A Holiday Shopper’s Guide to Alternative Giving
By Kelly Dowe
Vol. 10, No. 5, 1988, pp. 18-20
When my mother was a little girl in Centreville, Alabama, she received the gift of an apple–not a real apple, but a wooden one with a tiny wooden tea set inside. The cups were no bigger than the tips of her fingers.
I loved hearing about that apple tea set as a child. For me it represented pure romance as I knew it, and it somehow captured the sweet mystery of my mother’s life before me. When I was about ten, I found in my Christmas stocking an apple tea set of my own. The apple was a rich enamel red. It was the size of a real apple, at least the big one in my Christmas stocking, and the dishes inside were no bigger than my fingertips.
Which was better, the apple tea set of my mother’s stories or the real thing? Who cares? I now tell my own daughters, aged five and nine, about both apples and they berate me for not saving my apple for them.
As Christmas and Hannukah approach, all of this brings to mind the choosing of gifts and the work we want our gifts to do. We want each gift to complete ourselves or the recipient (preferably both); we want to give joy, warmth, pleasure and romance. What we often do instead, as depressing memories remind us, is the reverse. Succumbing to the pressures of last-minute shopping, local supply and personal finances, we present a child we love with another molded plastic toy. We regale people we care about with boxes of powder. Uninspired shirts and ties, best-selling trash in hardcover, and gift-wrapped, waxy candy…and all after we have promised ourselves, “This year, I won’t.”
A shopping helper has arrived in the form of “alternative” mail order companies. These businesses have mushroomed in the last five to ten years, and sell generally good quality, hard to find items, often at modest prices. Such companies are “alternative” because they are usually connected to a social cause organization, such as UNICEF, the Fellowship of Reconciliation, or Koinonia Partners, into which they pour excessive earnings. Most, though not all, are non-profit.
Other, profit-making, businesses in the “alternative” category dedicate themselves to a particular purpose or philosophy. The Earth Care Paper Company of Madison, Wisconsin, for example, sells mostly recycled paper products. A number of toy and book companies, such as Hearth-Song: A Catalog for Families; Tryon Toymakers; Animal Town Game Co.; and Chinaberry Book Service, are dedicated to the idea of teaching kindness and good values to children through healthy play. Each sells beautifully made toys and books in luscious, natural materials. Customers shop by catalog, which are obtained by writing or calling the company. (Even heavy users of mainstream catalogs are not on many alternative catalog mailing riots.)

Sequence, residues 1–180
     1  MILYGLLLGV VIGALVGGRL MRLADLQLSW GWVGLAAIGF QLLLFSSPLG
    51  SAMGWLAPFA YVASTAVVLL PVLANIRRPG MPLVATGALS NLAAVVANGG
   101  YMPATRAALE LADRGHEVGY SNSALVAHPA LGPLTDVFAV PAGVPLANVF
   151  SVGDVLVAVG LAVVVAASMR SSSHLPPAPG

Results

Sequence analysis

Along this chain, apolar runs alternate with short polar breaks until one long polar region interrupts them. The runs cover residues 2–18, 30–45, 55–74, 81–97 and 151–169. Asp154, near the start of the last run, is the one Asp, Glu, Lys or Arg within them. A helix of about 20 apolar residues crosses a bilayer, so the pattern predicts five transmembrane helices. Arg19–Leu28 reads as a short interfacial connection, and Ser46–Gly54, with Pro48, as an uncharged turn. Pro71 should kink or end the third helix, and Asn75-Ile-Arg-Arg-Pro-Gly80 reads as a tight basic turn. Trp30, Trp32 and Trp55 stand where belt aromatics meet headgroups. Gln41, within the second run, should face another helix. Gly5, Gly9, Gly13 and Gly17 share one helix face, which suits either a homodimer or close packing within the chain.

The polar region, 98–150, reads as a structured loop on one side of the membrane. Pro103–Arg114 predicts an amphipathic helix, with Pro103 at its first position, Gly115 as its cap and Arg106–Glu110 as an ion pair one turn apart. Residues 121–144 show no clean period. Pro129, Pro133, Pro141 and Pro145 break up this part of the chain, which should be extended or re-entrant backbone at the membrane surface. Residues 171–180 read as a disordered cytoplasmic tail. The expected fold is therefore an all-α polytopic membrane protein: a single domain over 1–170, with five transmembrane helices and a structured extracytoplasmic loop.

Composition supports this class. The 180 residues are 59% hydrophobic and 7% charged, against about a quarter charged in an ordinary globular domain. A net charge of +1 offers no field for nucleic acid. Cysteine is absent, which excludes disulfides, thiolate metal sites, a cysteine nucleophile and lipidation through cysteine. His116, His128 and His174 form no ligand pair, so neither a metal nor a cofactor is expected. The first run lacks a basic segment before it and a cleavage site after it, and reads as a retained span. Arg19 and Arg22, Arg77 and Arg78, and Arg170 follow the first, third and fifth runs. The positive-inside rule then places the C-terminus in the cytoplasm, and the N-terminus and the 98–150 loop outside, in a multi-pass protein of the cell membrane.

Imagine these among your holiday gifts to loved ones:
- Beautiful, handmade quilts, in patterns such as Bear’s Paw, Coat of Many Colors, and Grandmother’s Dream, made by the Freedom Quilting Bee, a women’s sewing
cooperative, in Alberta, Ala. Quilts cost from $395 for single bed size to $695 for king size. FQB also makes butcher-style aprons for $9 and potholders for $3, among other items (prices are approximate). For a catalog write: The Freedom Quilting Bee, Route 1, Box 72, Alberta, AL 36720.
- A solar-powered re-charger for a car battery. Just set it on the dashboard and plug its adapter into a car or RV cigarette lighter. Cost: $39.95. Sold through the Renew America Catalog, which supports renewable energy. Other solar powered products include a calculator ($19.95), music box ($19.50), refrigerator ($1,560) and child’s construction kit ($14.95). The catalog offers many other energy-saving products. Renew America Project, 1001 Connecticut Avenue NW, Suite 638, Washington, DC 20036.